Longwood’s organ has 10,010 pipes and you can see 5,360 of them on display in the five rooms behind the organ holding the other 4,650 pipes. Each pipe room is separated by concrete walls. On the other side of the glass windows, are wooden shutters for seven of the nine rooms – they can be opened and closed by the organist to control the volume. The organ can be played from the console in the ballroom – or by a computer. There is an organ competition at Longwood in June.

The Green Wall in the Conservatory is spectacular (below). All those rooms on either side are individual restrooms. The walls are fern, 4,000 square feet of different ferns.

Alas, it was time for lunch. You’re not supposed to bring in outside food, but we did see people who did that. No one checked bags upon entering, and no staff seemed to care. There is a dining complex and outdoor beer garden. You can get food indoors and get beer outdoors, or order some quicker food from some of the stands outside (the pizza stand was closed when we were there).

We were surprised how much seating there was, even for a holiday weekend (we did eat slightly on the later side just in case). They have other alcoholic drinks too, and you can see the menus for the various Longwood Gardens dining options here. Look on the left side of that page for more menus.

The Topiary Garden at Longwood Gardens. Copyright Deborah Abrams Kaplan

Main Fountain Garden District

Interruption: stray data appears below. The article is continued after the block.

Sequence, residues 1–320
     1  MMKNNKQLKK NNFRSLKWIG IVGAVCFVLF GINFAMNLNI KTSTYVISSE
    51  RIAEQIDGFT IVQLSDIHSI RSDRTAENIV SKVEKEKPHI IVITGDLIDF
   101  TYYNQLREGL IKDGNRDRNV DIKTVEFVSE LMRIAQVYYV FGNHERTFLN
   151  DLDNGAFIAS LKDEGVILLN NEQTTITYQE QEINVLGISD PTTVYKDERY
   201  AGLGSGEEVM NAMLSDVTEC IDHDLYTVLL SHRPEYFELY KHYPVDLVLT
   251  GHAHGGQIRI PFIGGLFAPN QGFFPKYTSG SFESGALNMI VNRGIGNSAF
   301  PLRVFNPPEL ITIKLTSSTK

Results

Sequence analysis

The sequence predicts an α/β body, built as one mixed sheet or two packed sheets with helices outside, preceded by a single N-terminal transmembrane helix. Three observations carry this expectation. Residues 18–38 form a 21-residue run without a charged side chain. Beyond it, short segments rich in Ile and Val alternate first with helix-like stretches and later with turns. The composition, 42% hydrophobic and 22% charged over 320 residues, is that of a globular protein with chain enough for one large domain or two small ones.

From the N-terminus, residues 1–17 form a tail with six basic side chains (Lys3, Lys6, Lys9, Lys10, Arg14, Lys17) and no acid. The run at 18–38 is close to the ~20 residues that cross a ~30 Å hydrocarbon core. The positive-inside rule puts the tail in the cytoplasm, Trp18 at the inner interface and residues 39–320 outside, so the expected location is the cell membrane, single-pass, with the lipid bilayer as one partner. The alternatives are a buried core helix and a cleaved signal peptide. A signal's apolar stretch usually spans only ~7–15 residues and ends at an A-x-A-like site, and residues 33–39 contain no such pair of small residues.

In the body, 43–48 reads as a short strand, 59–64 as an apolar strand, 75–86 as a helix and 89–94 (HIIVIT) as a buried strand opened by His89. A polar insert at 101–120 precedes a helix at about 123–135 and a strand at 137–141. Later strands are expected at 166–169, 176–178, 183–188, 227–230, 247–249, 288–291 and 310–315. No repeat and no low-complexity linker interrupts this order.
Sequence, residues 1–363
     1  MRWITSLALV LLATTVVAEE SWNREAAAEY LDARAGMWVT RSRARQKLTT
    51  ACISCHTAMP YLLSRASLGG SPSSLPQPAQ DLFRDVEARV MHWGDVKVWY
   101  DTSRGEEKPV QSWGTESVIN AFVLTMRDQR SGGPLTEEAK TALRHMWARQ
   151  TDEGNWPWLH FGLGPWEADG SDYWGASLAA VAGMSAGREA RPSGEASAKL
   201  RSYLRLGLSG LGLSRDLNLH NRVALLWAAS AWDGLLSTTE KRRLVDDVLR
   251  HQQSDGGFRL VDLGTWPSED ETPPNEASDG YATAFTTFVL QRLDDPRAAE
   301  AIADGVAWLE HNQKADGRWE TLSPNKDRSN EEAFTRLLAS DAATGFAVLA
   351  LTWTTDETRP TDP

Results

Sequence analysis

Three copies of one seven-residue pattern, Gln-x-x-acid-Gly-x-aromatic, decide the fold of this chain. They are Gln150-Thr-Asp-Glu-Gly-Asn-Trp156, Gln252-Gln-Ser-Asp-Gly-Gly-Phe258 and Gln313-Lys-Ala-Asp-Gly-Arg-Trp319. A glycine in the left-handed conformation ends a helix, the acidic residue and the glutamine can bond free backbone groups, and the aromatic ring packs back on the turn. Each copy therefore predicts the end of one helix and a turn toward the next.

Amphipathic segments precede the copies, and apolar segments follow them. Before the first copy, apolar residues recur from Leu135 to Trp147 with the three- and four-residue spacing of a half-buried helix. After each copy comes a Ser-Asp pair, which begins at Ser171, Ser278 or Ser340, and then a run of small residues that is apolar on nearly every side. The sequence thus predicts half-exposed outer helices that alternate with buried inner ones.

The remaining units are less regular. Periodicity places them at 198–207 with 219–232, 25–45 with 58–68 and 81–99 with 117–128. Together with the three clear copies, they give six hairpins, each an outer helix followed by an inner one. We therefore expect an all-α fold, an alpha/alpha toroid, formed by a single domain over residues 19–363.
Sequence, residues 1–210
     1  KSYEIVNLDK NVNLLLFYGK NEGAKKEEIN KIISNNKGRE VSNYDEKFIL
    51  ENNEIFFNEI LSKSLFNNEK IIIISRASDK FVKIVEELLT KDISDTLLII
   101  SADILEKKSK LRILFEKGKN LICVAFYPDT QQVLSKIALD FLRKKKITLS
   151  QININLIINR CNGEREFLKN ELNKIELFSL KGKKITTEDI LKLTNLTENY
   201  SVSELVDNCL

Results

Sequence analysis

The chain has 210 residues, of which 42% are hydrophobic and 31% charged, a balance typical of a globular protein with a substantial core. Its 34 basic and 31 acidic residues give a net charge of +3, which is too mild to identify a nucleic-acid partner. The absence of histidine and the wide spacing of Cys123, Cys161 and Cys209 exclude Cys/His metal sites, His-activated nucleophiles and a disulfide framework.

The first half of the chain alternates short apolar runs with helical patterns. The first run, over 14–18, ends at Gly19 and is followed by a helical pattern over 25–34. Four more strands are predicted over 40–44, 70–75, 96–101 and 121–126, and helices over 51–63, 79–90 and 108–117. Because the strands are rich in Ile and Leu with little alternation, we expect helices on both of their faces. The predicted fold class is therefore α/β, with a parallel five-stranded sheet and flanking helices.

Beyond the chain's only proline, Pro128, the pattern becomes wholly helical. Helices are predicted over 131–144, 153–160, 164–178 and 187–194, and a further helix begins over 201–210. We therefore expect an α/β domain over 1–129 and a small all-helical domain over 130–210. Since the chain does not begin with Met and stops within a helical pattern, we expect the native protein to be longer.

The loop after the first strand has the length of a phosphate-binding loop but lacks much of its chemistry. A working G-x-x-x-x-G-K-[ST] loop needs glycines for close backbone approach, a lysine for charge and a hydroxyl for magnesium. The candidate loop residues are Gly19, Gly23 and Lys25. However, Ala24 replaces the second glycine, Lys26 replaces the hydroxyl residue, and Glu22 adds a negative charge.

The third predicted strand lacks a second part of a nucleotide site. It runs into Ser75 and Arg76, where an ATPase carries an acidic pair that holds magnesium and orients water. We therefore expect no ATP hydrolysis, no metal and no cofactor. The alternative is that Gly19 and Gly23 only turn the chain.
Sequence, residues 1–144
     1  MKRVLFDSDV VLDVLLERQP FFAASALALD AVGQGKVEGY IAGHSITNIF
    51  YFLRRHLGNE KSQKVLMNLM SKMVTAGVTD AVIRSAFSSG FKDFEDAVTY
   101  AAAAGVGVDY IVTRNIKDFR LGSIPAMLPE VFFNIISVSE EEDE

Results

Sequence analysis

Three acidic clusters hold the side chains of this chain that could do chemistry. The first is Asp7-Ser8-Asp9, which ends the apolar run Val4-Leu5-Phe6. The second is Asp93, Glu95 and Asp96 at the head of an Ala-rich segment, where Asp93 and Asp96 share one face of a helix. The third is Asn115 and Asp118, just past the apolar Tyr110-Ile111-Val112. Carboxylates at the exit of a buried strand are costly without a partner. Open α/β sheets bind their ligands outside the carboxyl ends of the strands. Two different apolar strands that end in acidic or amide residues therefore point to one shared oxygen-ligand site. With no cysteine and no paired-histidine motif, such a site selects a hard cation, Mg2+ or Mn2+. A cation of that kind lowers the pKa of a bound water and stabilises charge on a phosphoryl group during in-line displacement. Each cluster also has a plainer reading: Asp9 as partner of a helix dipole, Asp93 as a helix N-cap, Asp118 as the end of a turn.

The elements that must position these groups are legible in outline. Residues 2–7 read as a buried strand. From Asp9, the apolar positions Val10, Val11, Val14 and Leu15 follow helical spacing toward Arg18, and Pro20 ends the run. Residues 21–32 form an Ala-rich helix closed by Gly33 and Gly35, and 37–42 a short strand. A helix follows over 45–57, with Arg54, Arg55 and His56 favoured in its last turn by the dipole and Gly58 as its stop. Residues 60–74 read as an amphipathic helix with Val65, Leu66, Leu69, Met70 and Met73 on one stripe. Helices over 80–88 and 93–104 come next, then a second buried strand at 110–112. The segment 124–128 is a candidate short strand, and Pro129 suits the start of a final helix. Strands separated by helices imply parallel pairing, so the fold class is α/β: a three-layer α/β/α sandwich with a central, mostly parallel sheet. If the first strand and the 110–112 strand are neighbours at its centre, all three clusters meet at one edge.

The Main Fountain Garden District includes multiple manicured gardens, what duPont saw as a “garden as grand theater.” You’ll find a rose garden, topiary garden, several fountain areas, and the pump house. Above is the topiary garden.

The area below includes hand-carved Italiante limestone stonework and sculptures. Above, are flowers from the rose garden.

The fountain area at Longwood Gardens. Copyright Deborah Abrams Kaplan

Don’t miss the grotto which is hidden in a little passway underneath this fountain area. It’s peaceful and cool – great on a hot day! Below we were lucky to see the wisteria in bloom. (I think that’s what it is – if not, someone let me know in the comments).

The fountain area at Longwood Gardens. Copyright Deborah Abrams Kaplan

This is all by the historical pumpuhouse built in 1930-31. It was designed by Pierre and his staff. You’ll see 18 of the original pumps and mechanical systems that powered the main fountain garden from 1931 to 2014. These pumps could recirculate 10,000 gallons per minute. and propel a fountain jet 130 feet high. There were also catchment systems so that debris would not clog up the pipes.

Check out the fountain show timing so you don’t miss the show. There are several places you can stand for the show. If you stand where the people below are, you’ll likely get wet. The show lasted for several patriotic songs. At night, the fountains include lights, so it’s a more colorful show.

If you go to Longwood Gardens with kids

Where: Longwood Gardens at 1001 Longwood Road, Kennett Square, PA

Longwood Gardens with kids: The Gardens offer a number of activity guides you can print at home to bring with you. They also highlight areas of interest to kids, including the Open Air Theater, Canopy Cathedral, Lookout Loft Treehouse, Indoor Children’s Garden, Topiary Garden, and some other places to run around and explore. They have various events and seasonal discovery boxes as well. You can bring strollers with you to Longwood Gardens.

Disclosure: We were provided with press tickets for review purposes. All opinions are my own.